Op-Ed: Getting Pennsylvania Back to Work Safely & Smartly

Peyton Manning rightly said, “Imitation is obviously a great form of flattery.”

If that is the case, the genesis of Senate Bill 1103 is off to an illustrious start.

After I introduced this bill last week, the Pennsylvania House immediately copied the language and included a mirror version of it in legislation they are considering this week.

The work to incorporate this commonsense and much-needed bill into a House action was led by State Representative Russ Diamond and Rep Dawn Keefer.

Additionally, New Jersey Assemblyman Eric Peterson called and asked if he could run this legislation in his state. The answer – of course – was a resounding yes.

In the end, it is not about who runs this bill. Rather, it’s about getting our people back to work in a safe and smart manner.

It does not matter who gets the credit…we need decisive action now, and this is why I shared this legislation with my colleagues in the House as well with New Jersey Assemblyman Peterson to get something done ASAP.

The background of this bill was triggered as a result of the ongoing COVID-19 pandemic, when the Governor shut down all businesses not considered to be “life-sustaining.”  This shows how little he understands our workforce because in my book, every job is essential, whether it is a privately-owned business or a large corporation.

As a recently-retired US Army Colonel, I remain concerned how the Wolf Administration has been handling this crisis.  There have been too many draconian measures that did not take into account how “non-essential” jobs are vital to the operation and function of our state.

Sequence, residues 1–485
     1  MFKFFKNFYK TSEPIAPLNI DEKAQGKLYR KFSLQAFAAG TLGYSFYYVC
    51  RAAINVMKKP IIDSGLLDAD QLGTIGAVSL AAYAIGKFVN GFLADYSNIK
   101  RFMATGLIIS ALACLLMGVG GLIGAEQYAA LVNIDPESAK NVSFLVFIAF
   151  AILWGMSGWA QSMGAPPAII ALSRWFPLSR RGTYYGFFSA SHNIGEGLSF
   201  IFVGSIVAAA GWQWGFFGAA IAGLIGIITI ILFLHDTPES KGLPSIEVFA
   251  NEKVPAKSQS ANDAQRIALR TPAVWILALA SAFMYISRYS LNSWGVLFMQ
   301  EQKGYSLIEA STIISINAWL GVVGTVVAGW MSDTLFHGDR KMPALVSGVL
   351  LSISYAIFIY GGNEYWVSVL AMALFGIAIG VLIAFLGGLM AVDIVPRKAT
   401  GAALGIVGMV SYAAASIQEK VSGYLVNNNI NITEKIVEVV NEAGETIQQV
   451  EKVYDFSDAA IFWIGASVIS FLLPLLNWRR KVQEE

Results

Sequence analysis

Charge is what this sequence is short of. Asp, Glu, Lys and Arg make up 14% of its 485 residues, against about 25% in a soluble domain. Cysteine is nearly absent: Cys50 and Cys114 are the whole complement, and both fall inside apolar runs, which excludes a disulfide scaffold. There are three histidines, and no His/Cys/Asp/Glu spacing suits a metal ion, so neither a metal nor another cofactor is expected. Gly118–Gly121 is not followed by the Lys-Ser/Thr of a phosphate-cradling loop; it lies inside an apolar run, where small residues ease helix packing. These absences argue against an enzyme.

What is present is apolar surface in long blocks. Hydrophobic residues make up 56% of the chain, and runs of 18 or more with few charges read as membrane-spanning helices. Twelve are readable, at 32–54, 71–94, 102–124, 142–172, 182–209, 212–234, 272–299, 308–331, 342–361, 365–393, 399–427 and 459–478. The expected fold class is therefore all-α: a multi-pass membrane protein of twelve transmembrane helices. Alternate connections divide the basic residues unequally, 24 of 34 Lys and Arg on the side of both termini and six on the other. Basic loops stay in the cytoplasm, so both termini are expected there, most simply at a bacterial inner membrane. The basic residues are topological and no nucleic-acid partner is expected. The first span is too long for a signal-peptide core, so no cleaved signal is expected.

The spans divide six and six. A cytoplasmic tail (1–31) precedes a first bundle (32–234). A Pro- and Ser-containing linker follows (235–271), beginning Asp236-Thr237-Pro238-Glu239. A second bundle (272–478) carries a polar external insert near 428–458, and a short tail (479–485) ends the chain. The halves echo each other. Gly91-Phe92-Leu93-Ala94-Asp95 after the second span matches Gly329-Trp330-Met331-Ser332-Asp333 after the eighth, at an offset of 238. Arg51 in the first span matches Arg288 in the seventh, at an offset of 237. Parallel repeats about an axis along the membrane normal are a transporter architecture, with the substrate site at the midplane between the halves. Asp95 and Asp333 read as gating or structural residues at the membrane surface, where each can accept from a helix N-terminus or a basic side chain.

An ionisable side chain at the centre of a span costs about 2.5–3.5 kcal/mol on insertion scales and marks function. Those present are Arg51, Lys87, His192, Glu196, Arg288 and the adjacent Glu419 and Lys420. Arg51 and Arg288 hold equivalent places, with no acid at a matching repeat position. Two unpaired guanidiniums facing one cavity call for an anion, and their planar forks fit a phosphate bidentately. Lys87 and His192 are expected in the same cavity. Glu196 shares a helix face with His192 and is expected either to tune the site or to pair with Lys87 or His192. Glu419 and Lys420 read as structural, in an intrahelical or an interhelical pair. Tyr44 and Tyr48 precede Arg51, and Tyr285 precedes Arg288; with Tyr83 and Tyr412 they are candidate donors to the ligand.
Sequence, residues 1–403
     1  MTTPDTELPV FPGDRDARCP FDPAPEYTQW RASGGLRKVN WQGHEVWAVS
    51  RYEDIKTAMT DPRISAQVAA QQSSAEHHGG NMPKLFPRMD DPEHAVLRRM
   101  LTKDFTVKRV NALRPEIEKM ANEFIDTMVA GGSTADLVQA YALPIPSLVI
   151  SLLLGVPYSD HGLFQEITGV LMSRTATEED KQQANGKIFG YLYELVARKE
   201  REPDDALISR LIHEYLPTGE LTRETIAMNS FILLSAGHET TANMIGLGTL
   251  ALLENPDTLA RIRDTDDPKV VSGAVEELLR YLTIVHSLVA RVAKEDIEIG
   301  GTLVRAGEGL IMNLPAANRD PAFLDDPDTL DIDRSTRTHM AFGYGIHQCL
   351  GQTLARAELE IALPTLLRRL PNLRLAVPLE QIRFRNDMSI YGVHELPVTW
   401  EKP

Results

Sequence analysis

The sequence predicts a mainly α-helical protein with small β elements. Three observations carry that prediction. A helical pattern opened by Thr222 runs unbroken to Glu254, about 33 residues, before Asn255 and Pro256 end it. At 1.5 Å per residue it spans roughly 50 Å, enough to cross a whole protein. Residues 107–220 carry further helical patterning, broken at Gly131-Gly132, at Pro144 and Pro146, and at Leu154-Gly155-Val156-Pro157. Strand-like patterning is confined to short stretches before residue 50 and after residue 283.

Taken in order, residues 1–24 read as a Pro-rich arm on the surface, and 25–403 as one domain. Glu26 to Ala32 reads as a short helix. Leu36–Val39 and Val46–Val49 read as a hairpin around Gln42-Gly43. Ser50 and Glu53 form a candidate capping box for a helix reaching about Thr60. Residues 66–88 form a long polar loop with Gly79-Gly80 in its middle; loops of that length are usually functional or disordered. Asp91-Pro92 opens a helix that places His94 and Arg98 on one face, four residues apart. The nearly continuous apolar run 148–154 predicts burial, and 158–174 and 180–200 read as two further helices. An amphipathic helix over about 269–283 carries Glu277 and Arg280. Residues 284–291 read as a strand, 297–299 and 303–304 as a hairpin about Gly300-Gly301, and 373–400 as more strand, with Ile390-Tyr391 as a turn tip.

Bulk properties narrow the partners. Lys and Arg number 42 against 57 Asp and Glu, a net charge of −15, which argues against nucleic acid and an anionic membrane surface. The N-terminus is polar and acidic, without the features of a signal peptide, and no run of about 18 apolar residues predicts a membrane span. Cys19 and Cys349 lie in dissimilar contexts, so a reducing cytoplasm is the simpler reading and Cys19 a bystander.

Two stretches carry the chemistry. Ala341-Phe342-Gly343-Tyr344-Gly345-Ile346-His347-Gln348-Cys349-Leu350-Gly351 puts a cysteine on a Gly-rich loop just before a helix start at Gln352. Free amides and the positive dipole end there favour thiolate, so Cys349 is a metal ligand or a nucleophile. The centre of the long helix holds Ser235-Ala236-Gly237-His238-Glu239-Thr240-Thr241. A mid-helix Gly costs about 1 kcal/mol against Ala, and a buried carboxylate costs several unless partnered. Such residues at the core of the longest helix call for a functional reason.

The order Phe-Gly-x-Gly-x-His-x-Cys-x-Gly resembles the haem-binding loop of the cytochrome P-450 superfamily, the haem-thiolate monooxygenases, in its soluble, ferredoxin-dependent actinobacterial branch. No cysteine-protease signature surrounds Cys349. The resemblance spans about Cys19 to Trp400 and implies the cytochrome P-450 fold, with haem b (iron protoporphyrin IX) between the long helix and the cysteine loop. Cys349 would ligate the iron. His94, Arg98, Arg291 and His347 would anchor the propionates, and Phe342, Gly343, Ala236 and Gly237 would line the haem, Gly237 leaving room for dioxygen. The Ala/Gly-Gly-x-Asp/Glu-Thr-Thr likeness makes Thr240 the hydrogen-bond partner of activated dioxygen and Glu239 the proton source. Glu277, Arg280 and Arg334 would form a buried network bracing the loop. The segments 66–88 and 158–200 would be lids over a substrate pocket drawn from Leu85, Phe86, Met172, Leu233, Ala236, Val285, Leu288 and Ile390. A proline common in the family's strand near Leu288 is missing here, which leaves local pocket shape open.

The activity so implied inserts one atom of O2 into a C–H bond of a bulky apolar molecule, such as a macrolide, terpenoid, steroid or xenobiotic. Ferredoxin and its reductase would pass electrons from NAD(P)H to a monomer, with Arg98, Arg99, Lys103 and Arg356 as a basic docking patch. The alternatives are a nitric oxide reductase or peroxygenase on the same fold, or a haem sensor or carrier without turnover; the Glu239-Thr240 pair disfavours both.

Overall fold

This has led to many rash decisions by Governor Wolf that may cripple our state economically; decisions that should not have been so broad.

The Governor’s broad, sweeping decisions exceed the measures of harder hit COVID-19 states and are in defiance of Department of Homeland Security guidelines regarding our national infrastructure.

When asked about the dangers that his draconian measures pose to the public – and without any evidence that his mandates are helping contain the virus –  the Governor and his Secretary of Health hide behind bumper stickers.

The problem is that Governor Wolf’s bureaucrats are making these decisions in a vacuum, and not in coordination with people who have actually had to earn a living the old-fashion way.  We need to get this decision-making process out of their hands and back into the hands of the people.

After I introduced the “PA Healthy Citizens & Healthy Businesses Back to Work Initiative,” which would safely and smartly return Pennsylvanians back to work, I worked with several House members to introduce a mirror version of this bill.

As a military strategist, my approach is multifaceted and encompasses a two-prong approach to fix our rudderless ship that the Governor is endeavoring to steer.

Should the House version of Senate Bill 1103 – which is moving faster than my senate bill – hit a dead end (or veto), then we will have another course of action to pursue to get this common sense legislation to the Governor’s desk.

Sadly, since the House version is part of a larger legislative package, it seems clear that the Governor will veto it.  I hope the Senate runs the original version, SB 1103, as a standalone bill that is less likely to be vetoed.

Senate Bill 1103 uses health and safety guidelines by the Center for Disease Control and the U.S. Department of Labor Occupational Safety & Health Administration, and would allow businesses to reopen without going through the Governor’s flawed (and now closed) waiver process.

My bill captures what needs to happen to keep a job site or business at “low risk” of spreading the virus.  It then leaves it up to you to reopen for business.

The bottom line of this legislation: the Governor should not pick winners and losers.  The business community should be able to innovate and adapt to stay open.

We are in this fight together.


Senator Mastriano represents the 33rd District in the Pennsylvania Senate. The District includes Adams County and parts of Franklin, Cumberland and York counties.

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